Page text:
Album Review: Duke Ellington Orchestra – Big Bands Live
Duke Ellington is one of the most important figures in American music, let alone within the jazz idiom. Bandleader, arranger, pianist, composer, popularizer of jazz…Ellington’s influence is incalculable. His vast catalog of work is filled with essential gems. My own first conscious/intentional exposure to his work was via a used vinyl copy of Ellington at Newport, the legendary 1956 LP that documented the near-riotous (an I mean literally) festival concert. A fuller version of that concert – a fascinating sort of “stereo” mix made from two separate mixes of the live performance — came out on a multi-CD set in 1999. Both are simply essential.
By the time of Newport, Ellington’s recording career was entering its fourth decade. And he’d continue onward, leading exciting bands well into his later year. In 1967 – a time by which the big band era had long since receded into history – the Duke Ellington Orchestra gave a concert on March 6 at Germany’s Liederhalle Stuttgart. And luckily for posterity, that concert was recorded in stereo high fidelity. The archivists at the Jazzhaus label have brought this late-period Ellington show to modern-day listeners with the previously unreeleased recrding, lart of the label’s Big Bands Live series.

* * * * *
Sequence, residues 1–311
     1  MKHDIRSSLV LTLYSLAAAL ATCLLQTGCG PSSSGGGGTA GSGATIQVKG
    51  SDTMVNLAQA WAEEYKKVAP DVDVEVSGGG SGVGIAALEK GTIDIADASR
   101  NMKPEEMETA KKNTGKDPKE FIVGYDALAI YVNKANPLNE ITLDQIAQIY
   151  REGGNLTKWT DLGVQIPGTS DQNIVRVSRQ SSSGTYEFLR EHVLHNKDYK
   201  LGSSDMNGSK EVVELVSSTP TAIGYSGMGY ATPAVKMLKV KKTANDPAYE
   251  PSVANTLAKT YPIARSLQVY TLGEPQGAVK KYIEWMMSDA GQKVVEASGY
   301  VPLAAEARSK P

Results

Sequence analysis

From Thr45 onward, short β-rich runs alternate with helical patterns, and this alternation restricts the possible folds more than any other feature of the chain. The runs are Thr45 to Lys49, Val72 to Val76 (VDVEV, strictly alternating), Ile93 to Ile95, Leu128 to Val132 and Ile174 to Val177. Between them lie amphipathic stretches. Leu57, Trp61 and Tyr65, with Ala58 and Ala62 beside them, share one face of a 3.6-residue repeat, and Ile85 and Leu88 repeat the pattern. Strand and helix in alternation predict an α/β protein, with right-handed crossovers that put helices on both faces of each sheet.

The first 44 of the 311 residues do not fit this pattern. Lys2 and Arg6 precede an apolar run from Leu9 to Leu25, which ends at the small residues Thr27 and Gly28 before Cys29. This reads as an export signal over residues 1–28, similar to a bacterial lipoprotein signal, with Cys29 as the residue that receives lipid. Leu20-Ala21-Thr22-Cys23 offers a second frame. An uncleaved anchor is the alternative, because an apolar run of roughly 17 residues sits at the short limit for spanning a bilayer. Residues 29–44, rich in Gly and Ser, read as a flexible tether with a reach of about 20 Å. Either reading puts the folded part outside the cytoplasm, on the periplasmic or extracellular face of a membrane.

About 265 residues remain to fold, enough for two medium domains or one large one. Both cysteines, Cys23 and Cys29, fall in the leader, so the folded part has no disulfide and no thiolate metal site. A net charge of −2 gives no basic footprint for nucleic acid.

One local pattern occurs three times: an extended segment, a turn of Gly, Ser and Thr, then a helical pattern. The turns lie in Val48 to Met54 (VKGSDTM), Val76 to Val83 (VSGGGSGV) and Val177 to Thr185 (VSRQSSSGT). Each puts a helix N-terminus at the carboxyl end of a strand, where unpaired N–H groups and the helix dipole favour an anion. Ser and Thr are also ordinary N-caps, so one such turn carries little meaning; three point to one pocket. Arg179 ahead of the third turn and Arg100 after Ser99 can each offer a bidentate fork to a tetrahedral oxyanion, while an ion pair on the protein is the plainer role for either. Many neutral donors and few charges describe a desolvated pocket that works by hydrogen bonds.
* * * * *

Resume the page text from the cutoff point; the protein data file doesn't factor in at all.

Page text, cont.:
With a band that featured tenor saxophonist Paul Gonsalves (the man largely responsible for inciting the aforementioned Newport near-riot), Ellington himself on piano and thirteen others, this truly was a big band. With a set list that kicked off with an perfunctory (under a minute!) run-through of “Take the ‘A’ Train,” Ellington and his band seemed to want to get onto the more challenging stuff. They tore through thirteen songs, drawing mostly from Ellington originals and pieces by longtime collaborator Billy Strayhorn. With little or nothing left to prove, Ellington led the band through works such as “La Plus Belle Africaine” and “A Chromatic Love Affair.” A few standard-type songs are tossed into the mix, but overall this is a more serious outing for the band.
Staggeringly prolific, Ellington released a vast number of albums. The liner notes for Big Bands Live note that Ellington “released around 35 albums between 1960 and 1967 alone, including adaptations of classical works, the ‘Far East Suite’ and the ‘Sacred Concerts.’” With so much material, it’s nearly impossible – and largely fruitless – to recommend one over another, but this Big Bands Live release nonetheless remains a welcome addition to the Ellington canon. Presented in peerless sound quality, it’s a thrilling document of a band that defiantly refuses to accept that the time for their style of music has come and gone. They play accordingly, and modern-day listeners are rewarded with this wonderful audio treasure.
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